Sunday, August 29, 2010

Death on Twitter

On Thursday, someone shared the following post on Twitter: "My younger sister disappeared at about 1 am last night near the Mapo or Dongjak bridges (in Seoul). The only thing left behind was her cell phone and ID. Even if you think you saw her, please send me a message. Thanks."

I'm not sure why I found it so striking. I do find that the Koreans I follow on Twitter tend to be more community-oriented and less wit-oriented than the Westerners I follow. I've seen Koreans post far more personal details (phone numbers, workplaces, neighbourhoods) than a Westerner ever would. To see something so personal unexpectedly, without being pointed to it after-the-fact, was rare. Out of simple curiosity, I followed the woman.

She posted messages throughout the day wondering where her sister had gone. At 6 the next morning, she was following up on a lead that said her sister had spent the night at a hotel. By mid-morning, however, she'd said that there had been a mistake. A few hours later, at 2 pm, she wrote:

"There's a shelter by the Mapo bridge where many people jump to their deaths. As a result, there are a lot of suicide notes there. Even the police don't know why it was built. I wish it wasn't there. People kill themselves there daily. I wish we didn't build places like that."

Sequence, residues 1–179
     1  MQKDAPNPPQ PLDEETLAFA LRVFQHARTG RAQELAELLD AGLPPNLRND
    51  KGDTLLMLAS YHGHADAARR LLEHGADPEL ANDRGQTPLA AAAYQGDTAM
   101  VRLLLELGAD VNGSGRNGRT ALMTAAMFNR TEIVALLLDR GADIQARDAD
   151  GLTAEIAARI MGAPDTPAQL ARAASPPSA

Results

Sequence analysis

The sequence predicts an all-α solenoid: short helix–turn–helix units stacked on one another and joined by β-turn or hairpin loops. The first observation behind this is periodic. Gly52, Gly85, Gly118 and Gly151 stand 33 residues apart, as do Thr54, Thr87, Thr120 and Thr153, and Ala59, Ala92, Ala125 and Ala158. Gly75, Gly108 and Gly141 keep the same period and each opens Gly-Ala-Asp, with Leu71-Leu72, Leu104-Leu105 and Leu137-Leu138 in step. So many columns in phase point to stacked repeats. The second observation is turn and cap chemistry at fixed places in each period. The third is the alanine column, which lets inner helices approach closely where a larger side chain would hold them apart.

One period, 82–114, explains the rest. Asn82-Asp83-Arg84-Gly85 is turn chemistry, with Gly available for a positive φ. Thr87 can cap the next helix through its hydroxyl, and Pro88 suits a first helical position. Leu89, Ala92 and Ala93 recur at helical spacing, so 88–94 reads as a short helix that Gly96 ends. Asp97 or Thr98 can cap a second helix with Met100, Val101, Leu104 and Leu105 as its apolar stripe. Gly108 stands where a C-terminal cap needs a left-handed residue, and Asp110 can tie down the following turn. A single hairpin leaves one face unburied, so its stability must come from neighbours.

The next message, at 5 pm, said: "Thanks, but we just got a call saying that we found her. Thanks to everyone who helped. We've found her body."

Maybe a few years ago I would have questioned whether discussing this sort of thing on the Internet was appropriate, but by now it's plain (particularly in Korea) that the Internet occupies the same technological space as a telephone. Granted, I'm able to find out personal details as a complete stranger, but if the Internet is good enough to help you find someone, it's good enough to report that you lost someone.

The last thought that occurred to me was suicide, which is strange of me. Pretty much every Korean I know can tell me about one friend or acquaintance that committed suicide. More than 10,000 Koreans commit suicide each year. Last year alone, a famous actress, a famous model and the previous president were among the nearly dozen celebrities who committed suicide.

In that sense, what I saw unfold on Twitter was not exceptional, simply another tragic suicide playing out with more visibility than normal. The reasons for why people here commit suicide at an epidemic rate are no doubt complex, but probably are related at least somewhat to the fact that this is one of the unhappiest countries in the world despite its progress and development. What struck me was that it happened in front of me in this case, with such abruptness.

1 comment:

Jennifer said...

The Korean suicide rate is the most unnerving thing. The fact that things like this play out on Twitter is not a surprise.